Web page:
Fast Food Consumption Shown To Contribute To Weight Gain
Data from the National Health and Nutrition Examination Survey during 2007–2010, shows adults consumed, on average, 11.3% of their total daily calories from fast food. While, the consumption of calories from fast food significantly decreased with age, non-Hispanic black adults consumed a higher percentage of calories from fast food compared with non-Hispanic white and Hispanic adults.
During 2007–2010, the highest percentage of calories from fast food was consumed among adults who were aged 20–39 or non-Hispanic black or obese. Among young non-Hispanic black adults, more than one-fifth of their calories were consumed from fast food.
As lifestyles become more hectic, fast-food consumption has become a growing part of the American diet. Fast food is food usually sold at eating establishments for quick availability or takeout. More than one-third of U.S. adults are obese, and frequent fast-food consumption has been shown to contribute to weight gain
No difference was observed by income status in the percentage of calories consumed from fast food among all adults. Among young adults, however, as income increased, the percentage of calories from fast food decreased.
The percentage of total daily calories from fast food increased as weight status increased.
During 2007–2010, adults consumed an average 11.3% of their total daily calories from fast food, a decrease from 12.8% for 2003–2006. The percentage of calories consumed from fast food did not differ significantly between men (11.8%) and women (10.9%). The percentage of calories consumed from fast food decreased with age, with adults aged 60 and over (6.0%) consuming the lowest percentage of their daily calories from fast foods. This decrease with age was found among both men and women.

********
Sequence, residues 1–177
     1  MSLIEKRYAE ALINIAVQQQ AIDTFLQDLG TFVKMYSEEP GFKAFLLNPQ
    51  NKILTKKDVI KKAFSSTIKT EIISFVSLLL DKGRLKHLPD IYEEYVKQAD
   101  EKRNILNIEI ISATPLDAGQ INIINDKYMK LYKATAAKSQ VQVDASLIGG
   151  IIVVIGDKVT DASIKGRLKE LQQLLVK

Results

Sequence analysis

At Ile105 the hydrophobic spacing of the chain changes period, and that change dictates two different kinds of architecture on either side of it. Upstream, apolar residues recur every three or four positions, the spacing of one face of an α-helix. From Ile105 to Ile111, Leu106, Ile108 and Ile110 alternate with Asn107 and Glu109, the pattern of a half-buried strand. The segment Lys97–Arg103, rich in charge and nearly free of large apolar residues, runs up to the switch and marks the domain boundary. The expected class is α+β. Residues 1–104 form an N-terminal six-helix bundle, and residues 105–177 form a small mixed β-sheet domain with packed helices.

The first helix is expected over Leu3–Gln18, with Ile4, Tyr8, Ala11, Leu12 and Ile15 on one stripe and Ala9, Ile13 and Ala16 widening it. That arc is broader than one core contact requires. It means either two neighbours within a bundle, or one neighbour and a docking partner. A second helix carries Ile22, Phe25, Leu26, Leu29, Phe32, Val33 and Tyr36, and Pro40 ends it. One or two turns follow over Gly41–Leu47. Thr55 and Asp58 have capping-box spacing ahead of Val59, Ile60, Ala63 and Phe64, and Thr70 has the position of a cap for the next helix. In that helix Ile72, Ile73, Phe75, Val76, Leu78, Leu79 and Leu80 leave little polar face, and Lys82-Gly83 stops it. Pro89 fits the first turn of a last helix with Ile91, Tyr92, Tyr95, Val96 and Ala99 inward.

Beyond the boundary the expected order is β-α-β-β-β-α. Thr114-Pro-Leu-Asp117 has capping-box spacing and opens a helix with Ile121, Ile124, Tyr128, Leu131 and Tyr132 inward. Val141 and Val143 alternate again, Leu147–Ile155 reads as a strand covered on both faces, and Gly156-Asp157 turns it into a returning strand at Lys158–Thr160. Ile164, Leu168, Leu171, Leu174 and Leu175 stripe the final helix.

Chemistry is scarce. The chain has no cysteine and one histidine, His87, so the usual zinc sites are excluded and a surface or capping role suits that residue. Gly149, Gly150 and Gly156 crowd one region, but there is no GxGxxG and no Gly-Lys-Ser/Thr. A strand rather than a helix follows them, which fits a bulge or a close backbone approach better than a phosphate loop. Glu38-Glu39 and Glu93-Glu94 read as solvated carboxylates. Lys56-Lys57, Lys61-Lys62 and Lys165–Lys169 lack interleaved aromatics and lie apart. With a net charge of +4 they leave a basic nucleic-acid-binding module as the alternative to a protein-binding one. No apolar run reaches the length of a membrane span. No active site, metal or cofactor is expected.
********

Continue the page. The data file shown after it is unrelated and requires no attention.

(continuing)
An earlier report by the U.S. Department of Agriculture found that the percentage of adults eating fast food increased from the early 1990s to the mid-1990s. Moreover, previous studies have reported that more frequent fast-food consumption is associated with higher energy and fat intake and lower intake of healthful nutrients.
This report indicates that for 2007–2010, on average, adults consumed just over one-tenth of their percentage of calories from fast food, which represents a decrease from 2003–2006 when approximately 13% of calories were consumed from fast food.